The following imagery and artist statement originally appeared in Red Wedge #6, “In Defense of Transgression.”
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My decade-long engagement as a communist propagandist had convinced me of the importance of revisiting the old question of “political art,” and the linkages and gaps it opens up between the received notions of “aesthetics” and “politics.”
I had been associated with various people’s movements in this time period, bearing witness to the violence unfolding in several locations of “India.” Confronted with the suffering as well as the perseverance of migrant laborers, anti-caste and anti-superstition activists, the Kashmiri rebels in the fight for self-determination, Adivasis struggling against forced evictions, the nation-wide student movements, all compounded by the burgeoning Hindu fascism in the country, my art and life have been committed to the truth of our political situation.
My training as a political activist and a propaganda designer has helped me place myself critically vis-a-vis the contemporary art world understanding of the “political.” In the latter, thanks to its all-inclusive and free-floating aesthetic, the “political” in “political art” is often abstracted and polished to the degree of erasing the marks of real-world dissent and rebellion.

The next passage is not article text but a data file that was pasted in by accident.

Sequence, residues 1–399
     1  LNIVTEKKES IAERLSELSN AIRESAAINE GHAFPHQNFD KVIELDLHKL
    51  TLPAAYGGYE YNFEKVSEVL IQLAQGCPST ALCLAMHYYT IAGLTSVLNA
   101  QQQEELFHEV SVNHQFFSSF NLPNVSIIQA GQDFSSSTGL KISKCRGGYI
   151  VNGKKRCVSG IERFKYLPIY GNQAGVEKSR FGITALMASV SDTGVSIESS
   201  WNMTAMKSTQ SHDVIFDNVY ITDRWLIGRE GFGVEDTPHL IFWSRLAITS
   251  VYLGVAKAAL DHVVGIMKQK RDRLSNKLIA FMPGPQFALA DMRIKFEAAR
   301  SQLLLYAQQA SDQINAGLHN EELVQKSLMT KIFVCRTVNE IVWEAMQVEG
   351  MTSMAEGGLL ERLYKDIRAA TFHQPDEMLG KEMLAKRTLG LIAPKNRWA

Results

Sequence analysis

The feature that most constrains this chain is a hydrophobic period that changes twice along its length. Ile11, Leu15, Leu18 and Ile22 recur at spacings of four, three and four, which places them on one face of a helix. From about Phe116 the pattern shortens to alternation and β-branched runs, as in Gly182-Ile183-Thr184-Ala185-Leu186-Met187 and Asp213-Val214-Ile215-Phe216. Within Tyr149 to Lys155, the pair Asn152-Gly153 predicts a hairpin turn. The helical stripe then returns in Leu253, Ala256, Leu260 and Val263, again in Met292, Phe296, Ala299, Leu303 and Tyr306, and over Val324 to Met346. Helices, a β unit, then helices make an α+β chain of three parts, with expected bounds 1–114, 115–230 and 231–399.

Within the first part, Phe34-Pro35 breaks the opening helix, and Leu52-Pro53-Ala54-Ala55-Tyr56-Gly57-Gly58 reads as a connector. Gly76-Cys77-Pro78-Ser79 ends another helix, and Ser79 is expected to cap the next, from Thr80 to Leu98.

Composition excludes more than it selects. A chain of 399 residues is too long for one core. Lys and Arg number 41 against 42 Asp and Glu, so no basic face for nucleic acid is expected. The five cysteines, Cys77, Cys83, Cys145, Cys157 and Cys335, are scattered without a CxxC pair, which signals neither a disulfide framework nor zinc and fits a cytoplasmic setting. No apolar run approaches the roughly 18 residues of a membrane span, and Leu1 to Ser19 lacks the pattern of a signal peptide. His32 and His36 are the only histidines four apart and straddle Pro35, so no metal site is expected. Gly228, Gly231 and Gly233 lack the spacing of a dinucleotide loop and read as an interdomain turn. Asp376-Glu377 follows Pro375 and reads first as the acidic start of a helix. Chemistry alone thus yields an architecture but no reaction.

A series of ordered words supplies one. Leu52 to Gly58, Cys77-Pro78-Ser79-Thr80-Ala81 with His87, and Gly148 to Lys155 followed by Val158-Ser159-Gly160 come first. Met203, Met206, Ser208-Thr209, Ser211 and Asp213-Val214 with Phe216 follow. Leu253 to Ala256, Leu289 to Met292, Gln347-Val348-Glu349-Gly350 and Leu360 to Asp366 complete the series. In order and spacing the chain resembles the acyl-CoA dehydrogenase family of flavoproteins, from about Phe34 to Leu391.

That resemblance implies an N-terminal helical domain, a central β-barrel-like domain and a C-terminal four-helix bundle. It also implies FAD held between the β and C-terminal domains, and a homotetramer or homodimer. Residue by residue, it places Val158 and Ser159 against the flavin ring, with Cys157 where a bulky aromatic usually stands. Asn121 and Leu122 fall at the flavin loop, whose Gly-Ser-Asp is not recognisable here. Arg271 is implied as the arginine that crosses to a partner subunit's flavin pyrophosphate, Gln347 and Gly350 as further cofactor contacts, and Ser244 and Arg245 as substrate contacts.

But if the truth of contemporary reality lies in the much-censored narratives of violence and corporal suffering, the ethical and political task of the artist is not merely to report or represent them from a comfortable outside, but to leave one’s self exposed to the brutality of the world in the course of transforming it.
Anupam Roy is an artist and activist in India, involved in struggles concerning race, class and gender, and a member of the Communist Party of India (Marxist-Leninist) Liberation. His work, Surfaces of the Irreal, was part of the 2018 New Museum Triennial, “Songs for Sabotage” in New York.